The complex porousness between “outside” and “inside” is especially dynamic in the playful engaging surfaces of frame-shifting poem, “The Happiness Factory.” Set in a classroom and sustaining a conceit of poem-as “pigeon-shaped dwelling,” it may be the best poem I’ve ever read about teaching imaginative poetry—I can’t believe Kenneth Koch wouldn’t love it—in part because it’s no mere recounting of an experience, but also casts the reader into the role of the students listening to her embodied ars poetica, a pedagogy of fun that tells of the ‘purposeful purposelessness’ of the sublime or “magical thinking” by showing it and vice versa.
Even though the poem uses a “I-they” dynamics, the speaker is less a dead lecturer than a kind of zen master blowing their minds without any hint of paternalism or condescension. There’s an awareness, on part of the speaker, that the students are skeptical and that she has to seduce their imagination:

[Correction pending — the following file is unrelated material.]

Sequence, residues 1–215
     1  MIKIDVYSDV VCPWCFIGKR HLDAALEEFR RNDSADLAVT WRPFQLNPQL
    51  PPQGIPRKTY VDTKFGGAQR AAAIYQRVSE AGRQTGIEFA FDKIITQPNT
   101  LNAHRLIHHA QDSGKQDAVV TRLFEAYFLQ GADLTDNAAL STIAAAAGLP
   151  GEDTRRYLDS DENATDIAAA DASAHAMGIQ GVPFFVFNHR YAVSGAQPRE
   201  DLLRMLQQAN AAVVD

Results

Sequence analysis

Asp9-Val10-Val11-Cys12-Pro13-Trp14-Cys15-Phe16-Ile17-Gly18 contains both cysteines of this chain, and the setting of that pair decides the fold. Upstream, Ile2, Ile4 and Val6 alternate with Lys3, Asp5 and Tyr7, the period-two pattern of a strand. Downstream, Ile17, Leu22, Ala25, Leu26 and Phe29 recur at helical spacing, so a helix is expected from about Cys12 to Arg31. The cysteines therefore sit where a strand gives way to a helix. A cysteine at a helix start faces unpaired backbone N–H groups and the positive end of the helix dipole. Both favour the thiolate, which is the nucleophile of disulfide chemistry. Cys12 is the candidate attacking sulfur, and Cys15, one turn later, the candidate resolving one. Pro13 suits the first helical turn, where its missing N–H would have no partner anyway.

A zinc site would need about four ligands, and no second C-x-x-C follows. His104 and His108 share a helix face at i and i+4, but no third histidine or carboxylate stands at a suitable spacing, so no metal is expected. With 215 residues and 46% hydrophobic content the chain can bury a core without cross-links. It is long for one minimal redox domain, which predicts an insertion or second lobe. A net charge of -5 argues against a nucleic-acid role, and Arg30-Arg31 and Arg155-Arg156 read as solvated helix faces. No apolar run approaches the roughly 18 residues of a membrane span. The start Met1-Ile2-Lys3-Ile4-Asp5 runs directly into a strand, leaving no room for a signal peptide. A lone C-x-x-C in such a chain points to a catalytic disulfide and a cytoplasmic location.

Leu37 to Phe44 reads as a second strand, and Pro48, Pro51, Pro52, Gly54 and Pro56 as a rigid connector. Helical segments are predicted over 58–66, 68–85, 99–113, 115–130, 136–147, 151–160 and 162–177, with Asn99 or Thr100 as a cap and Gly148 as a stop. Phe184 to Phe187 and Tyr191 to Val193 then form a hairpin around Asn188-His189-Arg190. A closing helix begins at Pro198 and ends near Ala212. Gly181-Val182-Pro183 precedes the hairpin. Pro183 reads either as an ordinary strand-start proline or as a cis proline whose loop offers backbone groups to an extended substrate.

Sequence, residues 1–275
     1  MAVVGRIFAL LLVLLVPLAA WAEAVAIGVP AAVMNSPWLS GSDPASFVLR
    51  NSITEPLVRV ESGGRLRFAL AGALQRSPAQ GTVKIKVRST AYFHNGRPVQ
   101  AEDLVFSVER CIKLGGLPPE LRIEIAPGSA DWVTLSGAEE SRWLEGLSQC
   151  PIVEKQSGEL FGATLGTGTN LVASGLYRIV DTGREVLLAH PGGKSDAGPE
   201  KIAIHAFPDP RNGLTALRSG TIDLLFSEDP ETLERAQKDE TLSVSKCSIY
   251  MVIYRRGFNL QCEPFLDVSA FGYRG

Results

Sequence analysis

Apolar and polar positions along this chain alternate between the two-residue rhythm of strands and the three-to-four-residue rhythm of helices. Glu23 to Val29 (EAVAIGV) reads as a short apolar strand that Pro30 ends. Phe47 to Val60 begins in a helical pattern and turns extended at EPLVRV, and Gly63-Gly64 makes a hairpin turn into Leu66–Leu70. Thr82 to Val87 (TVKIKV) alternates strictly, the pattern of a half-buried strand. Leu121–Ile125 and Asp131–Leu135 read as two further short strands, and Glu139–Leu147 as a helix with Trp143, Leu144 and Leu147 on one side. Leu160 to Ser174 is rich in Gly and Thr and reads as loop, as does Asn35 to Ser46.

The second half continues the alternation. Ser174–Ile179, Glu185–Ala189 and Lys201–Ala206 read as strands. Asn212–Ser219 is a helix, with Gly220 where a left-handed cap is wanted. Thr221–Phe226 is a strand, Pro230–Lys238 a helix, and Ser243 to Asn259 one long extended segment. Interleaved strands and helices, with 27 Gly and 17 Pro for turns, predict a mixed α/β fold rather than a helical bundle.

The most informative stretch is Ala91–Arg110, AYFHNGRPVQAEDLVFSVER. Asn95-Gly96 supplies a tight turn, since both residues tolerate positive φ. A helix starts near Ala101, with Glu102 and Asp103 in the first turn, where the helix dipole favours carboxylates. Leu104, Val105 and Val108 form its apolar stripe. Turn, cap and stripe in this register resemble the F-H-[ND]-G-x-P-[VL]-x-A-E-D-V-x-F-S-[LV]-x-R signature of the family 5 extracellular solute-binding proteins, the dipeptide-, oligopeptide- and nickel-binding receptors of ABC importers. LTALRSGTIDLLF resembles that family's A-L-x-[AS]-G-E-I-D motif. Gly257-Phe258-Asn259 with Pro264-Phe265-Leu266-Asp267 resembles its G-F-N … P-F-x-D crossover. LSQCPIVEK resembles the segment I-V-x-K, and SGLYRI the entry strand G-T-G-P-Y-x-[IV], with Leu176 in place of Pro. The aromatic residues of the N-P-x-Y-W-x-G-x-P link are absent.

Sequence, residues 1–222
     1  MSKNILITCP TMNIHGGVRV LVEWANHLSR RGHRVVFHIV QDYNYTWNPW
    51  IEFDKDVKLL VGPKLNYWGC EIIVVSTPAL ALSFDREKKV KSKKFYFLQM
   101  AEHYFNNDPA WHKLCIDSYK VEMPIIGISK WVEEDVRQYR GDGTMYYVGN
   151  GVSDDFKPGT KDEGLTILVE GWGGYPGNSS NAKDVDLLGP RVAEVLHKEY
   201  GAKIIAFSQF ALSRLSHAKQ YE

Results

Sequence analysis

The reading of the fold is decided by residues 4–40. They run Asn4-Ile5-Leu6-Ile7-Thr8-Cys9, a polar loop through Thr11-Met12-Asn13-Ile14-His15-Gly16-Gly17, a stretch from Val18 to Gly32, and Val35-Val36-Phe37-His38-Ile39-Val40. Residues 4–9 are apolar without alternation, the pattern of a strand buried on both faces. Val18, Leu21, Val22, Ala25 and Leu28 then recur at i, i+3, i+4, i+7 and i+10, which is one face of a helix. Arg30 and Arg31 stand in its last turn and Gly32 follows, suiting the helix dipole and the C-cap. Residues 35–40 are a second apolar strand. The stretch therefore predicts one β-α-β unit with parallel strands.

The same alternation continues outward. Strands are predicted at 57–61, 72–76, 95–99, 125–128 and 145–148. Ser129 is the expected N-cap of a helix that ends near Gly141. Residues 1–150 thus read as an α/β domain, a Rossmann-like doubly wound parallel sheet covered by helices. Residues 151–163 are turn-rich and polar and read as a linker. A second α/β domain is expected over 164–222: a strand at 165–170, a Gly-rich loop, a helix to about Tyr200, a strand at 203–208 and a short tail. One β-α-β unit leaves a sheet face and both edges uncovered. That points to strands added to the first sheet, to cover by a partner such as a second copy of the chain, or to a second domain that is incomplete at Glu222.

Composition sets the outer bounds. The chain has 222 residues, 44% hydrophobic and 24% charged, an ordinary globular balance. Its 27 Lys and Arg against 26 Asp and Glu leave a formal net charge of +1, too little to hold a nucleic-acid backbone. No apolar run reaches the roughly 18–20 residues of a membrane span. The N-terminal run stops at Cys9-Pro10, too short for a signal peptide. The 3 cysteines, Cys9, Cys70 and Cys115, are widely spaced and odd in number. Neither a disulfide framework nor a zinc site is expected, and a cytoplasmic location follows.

I know some of my students
would rather be asleep in bed, and that others are
daydreaming about pre-gaming with their ancestors.
They have a faraway look in their eyes as if their
great grandmother is holding their ponytail up
during a quick before-party hurl.
The outside is already inside, there in the here, memories and future projections in the “now” of the class-session. Reading this passage, I realize it’s not fair to reduce the setting to the classroom, because there’s so many things going on here, a teacher imagining their students imaginations wandering to time and space, a sense that you don’t have to teach “imaginative flight,” but tap into it. Later, when the skeptical students ask, basically, what’s the point, in the final three stanzas this teacher-speaker tells us:
I made up stories depending on who was in the room,
I’d tell them that one pigeon was being built to shelter
a future god. Another would be used to store a special
refrigerator capable of reproducing the food removed